September 9, 2022 | CULTURE | By Katie Rowley
The morning of Friday, Sept. 2, 2022, started out like any other. Professor Hayward’s Beginning Fiction Writing class was not meeting due to a planned catch-up day, and as I was already caught up, my day started promptly at 5 a.m.
I know what you are thinking: 5 a.m., that’s insane! But I am a morning person. And a 7 a.m. grocery run to the King Soopers on Uintah ensures the freshest food and a trip that doesn’t involve running into 17 other Colorado College students on their own weekly grocery trips.
So, as I climbed in my car at promptly 6:45 a.m., I turned the key, expecting to hear the normal rumbling of my 2017 Subaru Outback’s engine. Instead, I was welcomed with a sputtering, and a red flashing light of a battery on the dashboard of my car.
Chalking it up to a fluke, I ripped the key out, shoved it back in, and tried again. The return of the sputtering dismissed any hope I had of making it to the grocery store or anywhere else that morning.
My car was dead.
The resigned walk back into my apartment, which featured two phone calls to my parents, was embarrassing. I met my roommates’ faces, most of them filled with shock and confusion, as I had spent the entire night hyping up my early morning plans.
Mixed reactions met the room when I delivered the news. Even if anyone had time to help me jump-start my car, my car was blocked into a spot with no way to reach jumper cables to any willing engines..
“I feel like you and cars just don’t get along,” said Grace Schumde ’24, who had heard my tales of previous dead car batteries and car accidents.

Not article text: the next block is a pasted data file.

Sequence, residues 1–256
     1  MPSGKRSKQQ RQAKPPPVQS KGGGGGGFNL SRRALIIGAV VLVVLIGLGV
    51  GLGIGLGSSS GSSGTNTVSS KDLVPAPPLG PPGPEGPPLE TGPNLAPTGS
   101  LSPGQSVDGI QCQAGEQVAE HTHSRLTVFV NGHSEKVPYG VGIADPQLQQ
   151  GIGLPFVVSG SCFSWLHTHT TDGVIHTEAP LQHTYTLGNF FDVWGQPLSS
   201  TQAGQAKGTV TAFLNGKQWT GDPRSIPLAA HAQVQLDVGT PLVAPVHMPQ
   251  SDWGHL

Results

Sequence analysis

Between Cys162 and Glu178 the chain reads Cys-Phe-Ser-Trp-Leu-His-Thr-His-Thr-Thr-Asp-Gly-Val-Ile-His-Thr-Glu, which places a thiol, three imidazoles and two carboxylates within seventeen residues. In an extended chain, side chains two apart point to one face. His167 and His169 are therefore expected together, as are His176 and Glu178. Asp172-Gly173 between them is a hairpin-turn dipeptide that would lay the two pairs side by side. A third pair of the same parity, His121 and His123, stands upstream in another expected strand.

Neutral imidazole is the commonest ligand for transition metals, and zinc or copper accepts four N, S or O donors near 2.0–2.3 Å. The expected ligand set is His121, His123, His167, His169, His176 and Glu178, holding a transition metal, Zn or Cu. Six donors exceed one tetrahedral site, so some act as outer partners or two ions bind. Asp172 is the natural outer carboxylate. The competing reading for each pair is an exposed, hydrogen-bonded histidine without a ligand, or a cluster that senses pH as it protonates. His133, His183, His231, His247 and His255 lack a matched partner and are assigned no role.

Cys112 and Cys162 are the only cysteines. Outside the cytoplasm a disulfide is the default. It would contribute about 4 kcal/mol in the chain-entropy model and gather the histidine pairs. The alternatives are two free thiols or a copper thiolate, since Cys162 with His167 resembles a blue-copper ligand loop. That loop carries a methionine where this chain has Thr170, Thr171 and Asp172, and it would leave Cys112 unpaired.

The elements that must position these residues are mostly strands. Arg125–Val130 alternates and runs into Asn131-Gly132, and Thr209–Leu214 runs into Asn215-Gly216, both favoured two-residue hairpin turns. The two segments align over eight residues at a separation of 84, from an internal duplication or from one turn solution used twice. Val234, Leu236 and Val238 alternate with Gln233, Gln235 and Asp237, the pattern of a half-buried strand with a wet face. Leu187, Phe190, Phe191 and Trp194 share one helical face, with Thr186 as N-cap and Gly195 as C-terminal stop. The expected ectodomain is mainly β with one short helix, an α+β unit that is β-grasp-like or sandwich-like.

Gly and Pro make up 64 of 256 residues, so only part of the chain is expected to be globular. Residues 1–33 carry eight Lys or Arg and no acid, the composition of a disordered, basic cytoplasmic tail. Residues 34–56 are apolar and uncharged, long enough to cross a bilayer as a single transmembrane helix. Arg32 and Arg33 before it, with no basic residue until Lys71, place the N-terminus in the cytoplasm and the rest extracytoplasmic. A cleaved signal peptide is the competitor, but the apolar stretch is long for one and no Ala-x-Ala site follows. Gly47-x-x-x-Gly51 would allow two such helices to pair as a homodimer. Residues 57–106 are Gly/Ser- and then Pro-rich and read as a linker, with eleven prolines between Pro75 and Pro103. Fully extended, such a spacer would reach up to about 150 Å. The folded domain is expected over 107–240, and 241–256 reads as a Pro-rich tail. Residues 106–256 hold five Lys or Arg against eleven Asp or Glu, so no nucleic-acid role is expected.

As they all filtered off to class, I decided to wait. I reassured myself that, in the afternoon, cars would move, and my friends would be available to start my car.
Unfortunately, my two roommates who brought their cars had afternoon classes.
Noon rolled around and one of my roommates, Marina LeVarn ’24 and I made our way out into the parking lot. We didn’t have a real plan. We only hoped to find that one of the spots next to me had emptied and we’d be able to flag down someone to help.
As we reached the East Campus parking lot, we could see the lack of a car next to me. Beaming with happiness, I instructed LeVarn to stand in the spot as I retrieved the jumper cables from the back of my car and popped the hood.
Through a concentrated effort of reaching out to everyone we thought might have a car, a rumor of a hiking partner coming to pick up another one of our roommates reached our ears. He’d be coming at 1 p.m..
In the mean time, we stood in the empty spot next to my Subaru, blocking it off from the hoard of drivers who hoped to park there. We felt more and more guilty for taking away a sacred parking space as the minutes ticked by.
A voice from behind us broke our waiting, “I assume you’re not trying to break into this car?”
The question came from a Campus Safety officer, whose name I forgot to ask.
After explaining that, no, in fact, we were not, and that we were waiting for someone to help me start my car, the officer went to grab a car battery charger from the Campus Safety office, just a few feet away.
With the portable charger in hand, the officer attached it to my battery. After a few minutes of waiting, a twist of the car key brought my engine to life. I could finally make it to the store.
Without even waiting for a thank you, the officer unhooked the cables, and turned, walking back to the Campus Safety office. I yelled my gratitude toward him as I shut the hood of my car. And then, I was off.
So, if you ever find yourself stuck in a campus parking lot with a dead car battery, call Campus Safety. And, if you ever find yourself being turned away from a parking space because someone is waiting for their friend to help them jump their car, tell that person to call Campus Safety.